‘Is The Emergency Facility In Citywest Still On Stand-By?’


From top: Covid-19 Isolation and Step Down Facility in the Conference Centre at Citywest Hotel Dublin on March 29; Former Attorney General and ex-Minister for Justice Michael McDowell

This morning.

Via Michael McDowell in The Irish Times:

We haven’t really heard as to whether the HSE has increased the availability of intensive care capacity and secured additional supplies of ventilators and personal protective equipment.

Have they trained additional personnel in the meantime?

Is the emergency facility in Citywest still on stand-by?

Are the once-sequestered private hospitals still available on a contingency basis?

In other words, have we radically improved our hospital services so as to counter any second wave of Covid-19 or are our hospitals more or less still in the same position as they were in mid-March?

If not, why not?

Do the recent upticks in community transmissions really represent an existential threat to the HSE’s capacity to deal with the virus?

The fatality rate, the hospitalisation rate and the rate of admission of Covid-19 patients into intensive care do not, as of now, appear to be in crisis.


The pandemic cannot be blithely dismissed as a problem of the “capitalist system” or as a good opportunity to create a utopian different society – it is an economic crisis which challenges the poor, the middle class and the wealthy alike. But people are economically vulnerable as well as being vulnerable to infection.

Michael McDowell: Public will not endure another lockdown (Irish Times)


Sponsored Link

11 thoughts on “‘Is The Emergency Facility In Citywest Still On Stand-By?’

  1. frank

    Good man Michael. Bang on the money.
    Also, something else to think about.
    What kind of experience / form / operational practice does National Public Health Emergency Team (NPHET) have in handling said ‘Emergency’?
    Over 80% of deaths are persons over 65.
    Over 50% of deaths with Covid19 occurred in nursing homes.

    They simply did not look after the most vulnerable. The people who should have been taken care of first and foremost. And if they couldn’t get that right why on earth do you think they’re getting anything right???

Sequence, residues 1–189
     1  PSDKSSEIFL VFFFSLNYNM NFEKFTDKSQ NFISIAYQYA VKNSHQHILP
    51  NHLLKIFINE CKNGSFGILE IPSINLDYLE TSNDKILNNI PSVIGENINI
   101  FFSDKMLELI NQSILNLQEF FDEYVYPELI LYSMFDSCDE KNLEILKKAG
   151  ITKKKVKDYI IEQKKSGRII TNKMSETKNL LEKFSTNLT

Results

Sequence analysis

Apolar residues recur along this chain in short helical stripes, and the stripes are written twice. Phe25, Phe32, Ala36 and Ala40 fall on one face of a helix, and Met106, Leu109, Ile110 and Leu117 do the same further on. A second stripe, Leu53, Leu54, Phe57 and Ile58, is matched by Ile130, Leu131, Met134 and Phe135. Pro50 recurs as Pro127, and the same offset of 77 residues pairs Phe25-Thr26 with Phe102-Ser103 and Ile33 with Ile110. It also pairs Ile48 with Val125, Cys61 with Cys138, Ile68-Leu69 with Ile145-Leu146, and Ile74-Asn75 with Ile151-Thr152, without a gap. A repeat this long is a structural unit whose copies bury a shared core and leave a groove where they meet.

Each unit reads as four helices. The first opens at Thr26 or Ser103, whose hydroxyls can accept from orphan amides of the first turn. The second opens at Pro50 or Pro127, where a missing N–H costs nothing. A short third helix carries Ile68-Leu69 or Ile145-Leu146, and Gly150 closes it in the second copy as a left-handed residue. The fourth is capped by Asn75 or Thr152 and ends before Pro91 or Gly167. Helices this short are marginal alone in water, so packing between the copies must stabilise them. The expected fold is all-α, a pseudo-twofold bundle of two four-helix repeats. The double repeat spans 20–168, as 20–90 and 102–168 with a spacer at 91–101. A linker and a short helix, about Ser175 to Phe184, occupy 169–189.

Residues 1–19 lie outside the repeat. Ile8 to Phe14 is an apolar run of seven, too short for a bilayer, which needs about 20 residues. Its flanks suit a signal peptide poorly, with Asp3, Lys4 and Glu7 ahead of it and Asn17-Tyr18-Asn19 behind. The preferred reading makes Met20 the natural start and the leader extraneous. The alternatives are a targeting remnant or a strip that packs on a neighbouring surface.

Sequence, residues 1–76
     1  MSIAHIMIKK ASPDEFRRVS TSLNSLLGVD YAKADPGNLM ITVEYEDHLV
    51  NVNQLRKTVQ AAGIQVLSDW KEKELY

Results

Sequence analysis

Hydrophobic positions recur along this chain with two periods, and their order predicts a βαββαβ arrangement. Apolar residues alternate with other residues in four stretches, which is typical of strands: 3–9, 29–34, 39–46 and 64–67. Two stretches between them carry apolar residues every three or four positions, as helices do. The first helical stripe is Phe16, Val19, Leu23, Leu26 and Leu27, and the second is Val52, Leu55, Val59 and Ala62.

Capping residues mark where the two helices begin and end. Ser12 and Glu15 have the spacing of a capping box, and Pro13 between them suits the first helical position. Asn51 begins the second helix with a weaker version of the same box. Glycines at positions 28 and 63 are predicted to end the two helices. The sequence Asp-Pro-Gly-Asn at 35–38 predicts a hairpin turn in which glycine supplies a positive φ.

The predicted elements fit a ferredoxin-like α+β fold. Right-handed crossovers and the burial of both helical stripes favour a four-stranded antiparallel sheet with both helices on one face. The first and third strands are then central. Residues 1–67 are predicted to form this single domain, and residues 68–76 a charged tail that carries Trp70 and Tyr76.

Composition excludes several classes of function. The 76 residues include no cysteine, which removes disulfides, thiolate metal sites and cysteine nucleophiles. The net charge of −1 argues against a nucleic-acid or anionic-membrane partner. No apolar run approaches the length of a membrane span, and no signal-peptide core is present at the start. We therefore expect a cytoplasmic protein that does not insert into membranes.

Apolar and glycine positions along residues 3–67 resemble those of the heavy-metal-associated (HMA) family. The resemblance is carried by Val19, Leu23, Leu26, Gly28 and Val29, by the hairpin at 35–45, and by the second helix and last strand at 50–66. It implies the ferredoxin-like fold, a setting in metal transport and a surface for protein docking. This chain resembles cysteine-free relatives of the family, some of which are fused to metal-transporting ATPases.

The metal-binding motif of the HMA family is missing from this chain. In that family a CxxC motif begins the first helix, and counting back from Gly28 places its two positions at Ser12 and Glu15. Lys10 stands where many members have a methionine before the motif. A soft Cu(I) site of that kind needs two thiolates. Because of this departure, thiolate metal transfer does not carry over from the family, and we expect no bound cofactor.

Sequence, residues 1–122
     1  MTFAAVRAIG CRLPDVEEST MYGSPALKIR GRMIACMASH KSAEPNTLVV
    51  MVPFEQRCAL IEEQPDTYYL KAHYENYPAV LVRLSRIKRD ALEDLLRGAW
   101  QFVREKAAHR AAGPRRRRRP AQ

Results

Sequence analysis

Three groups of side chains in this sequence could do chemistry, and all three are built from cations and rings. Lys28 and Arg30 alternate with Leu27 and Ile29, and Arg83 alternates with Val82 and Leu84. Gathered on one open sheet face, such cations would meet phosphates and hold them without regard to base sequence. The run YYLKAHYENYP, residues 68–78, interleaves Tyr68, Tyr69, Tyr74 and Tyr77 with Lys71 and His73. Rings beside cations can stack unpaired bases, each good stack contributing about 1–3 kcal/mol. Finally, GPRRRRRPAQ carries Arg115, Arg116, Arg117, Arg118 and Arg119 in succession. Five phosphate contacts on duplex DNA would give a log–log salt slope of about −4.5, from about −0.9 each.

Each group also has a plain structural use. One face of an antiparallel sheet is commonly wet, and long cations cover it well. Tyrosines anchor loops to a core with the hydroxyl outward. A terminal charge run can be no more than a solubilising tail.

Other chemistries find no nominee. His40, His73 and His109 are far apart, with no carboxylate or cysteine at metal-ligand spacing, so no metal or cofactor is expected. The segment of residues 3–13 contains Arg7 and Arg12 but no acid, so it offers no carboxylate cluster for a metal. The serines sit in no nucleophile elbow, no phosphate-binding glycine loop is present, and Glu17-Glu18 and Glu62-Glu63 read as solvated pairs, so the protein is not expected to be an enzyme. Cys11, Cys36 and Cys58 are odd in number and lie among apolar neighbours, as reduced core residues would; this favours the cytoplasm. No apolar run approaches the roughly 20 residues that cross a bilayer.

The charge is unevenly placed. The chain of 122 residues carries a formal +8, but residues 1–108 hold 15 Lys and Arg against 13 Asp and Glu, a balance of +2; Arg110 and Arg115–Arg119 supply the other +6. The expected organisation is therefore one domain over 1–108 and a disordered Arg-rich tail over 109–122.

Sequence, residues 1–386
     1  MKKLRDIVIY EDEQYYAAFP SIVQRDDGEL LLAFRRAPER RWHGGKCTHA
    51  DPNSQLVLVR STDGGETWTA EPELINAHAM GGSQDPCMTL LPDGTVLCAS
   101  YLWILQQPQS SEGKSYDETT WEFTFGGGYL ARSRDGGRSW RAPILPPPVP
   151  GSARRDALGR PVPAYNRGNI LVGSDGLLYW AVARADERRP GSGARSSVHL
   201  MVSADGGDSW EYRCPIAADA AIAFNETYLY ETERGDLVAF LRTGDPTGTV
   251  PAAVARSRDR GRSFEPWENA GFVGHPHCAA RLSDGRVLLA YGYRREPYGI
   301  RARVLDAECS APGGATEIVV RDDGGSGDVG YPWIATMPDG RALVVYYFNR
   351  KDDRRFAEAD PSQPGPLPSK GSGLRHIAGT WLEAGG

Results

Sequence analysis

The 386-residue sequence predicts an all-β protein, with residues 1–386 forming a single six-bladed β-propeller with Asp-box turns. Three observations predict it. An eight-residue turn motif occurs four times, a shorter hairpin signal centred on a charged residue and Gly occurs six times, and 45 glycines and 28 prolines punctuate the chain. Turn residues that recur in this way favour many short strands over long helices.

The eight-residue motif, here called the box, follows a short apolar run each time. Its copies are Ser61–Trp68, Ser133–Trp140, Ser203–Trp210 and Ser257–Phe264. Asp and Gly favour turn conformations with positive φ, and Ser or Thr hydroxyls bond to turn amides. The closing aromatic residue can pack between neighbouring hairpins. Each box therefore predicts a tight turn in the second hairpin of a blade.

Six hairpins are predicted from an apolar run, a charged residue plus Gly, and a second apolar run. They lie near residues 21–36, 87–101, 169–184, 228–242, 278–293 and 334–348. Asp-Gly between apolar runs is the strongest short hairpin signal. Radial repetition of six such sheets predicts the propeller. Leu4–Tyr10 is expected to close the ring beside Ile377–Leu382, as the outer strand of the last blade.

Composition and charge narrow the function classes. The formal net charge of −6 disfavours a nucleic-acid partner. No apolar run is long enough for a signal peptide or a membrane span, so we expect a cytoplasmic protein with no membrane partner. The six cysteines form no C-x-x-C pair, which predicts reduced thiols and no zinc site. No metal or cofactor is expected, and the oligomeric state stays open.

NPHET need to go back to wherever they came

  2. Just Sayin

    “While it may well be the case that the Swedish approach resulted in an initially higher fatality rate than other countries, is it still the case that on a day-to-day basis Swedes are now suffering an egregiously higher community transmission rate compared with other comparable countries? Is there any discussion of a belated general lock-down in Sweden now?”

    Why the poopa-doopa-doot is the Irish Times asking us such questions?
    Shouldn’t they employ journalists to do some research then report the answers back to us, (rather than asking us to do their job).

    Short answer, Sweden got it right and they are doing well now without masks and lockdown threats.

    Initially they failed to protect their vulnerable / elderly just like we did, but because they have a higher percentage vulnerable their numbers look worse than ours.

    Lockdown or no lockdown had nothing to do with it there or anywhere else for that matter.




    1. Micko

      Totally Scottser

      It’s the only way to be sure.

      I also suggest burning the corpses.

      Ye know… for safety!

  3. Micko

    Interestingly, I noticed the weekend that our local Covid testing centre was closed on Sunday.
    The one out on Stockholm lane at the back of the old airport rd.

    And if they all are closed on Sunday, would this lead to the big spike we saw on Tuesday / yesterday?

    Feeling sick on a Fri / Sat? No test on Sunday.

    Get tested on Monday = big spike on Tuesday…

        1. Cian

          No, I don’t think so.

          But equally on a Monday they don’t say “there were only 20 new cases today – but that was because most testing centers were closed yesterday.”

Comments are closed.

Sponsored Link